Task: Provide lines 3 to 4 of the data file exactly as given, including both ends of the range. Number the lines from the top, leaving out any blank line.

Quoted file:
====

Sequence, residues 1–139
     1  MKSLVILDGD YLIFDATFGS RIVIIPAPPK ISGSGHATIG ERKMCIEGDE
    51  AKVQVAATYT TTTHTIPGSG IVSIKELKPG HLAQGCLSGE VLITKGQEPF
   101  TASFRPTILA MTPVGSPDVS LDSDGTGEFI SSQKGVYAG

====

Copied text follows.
    51  AKVQVAATYT TTTHTIPGSG IVSIKELKPG HLAQGCLSGE VLITKGQEPF
   101  TASFRPTILA MTPVGSPDVS LDSDGTGEFI SSQKGVYAG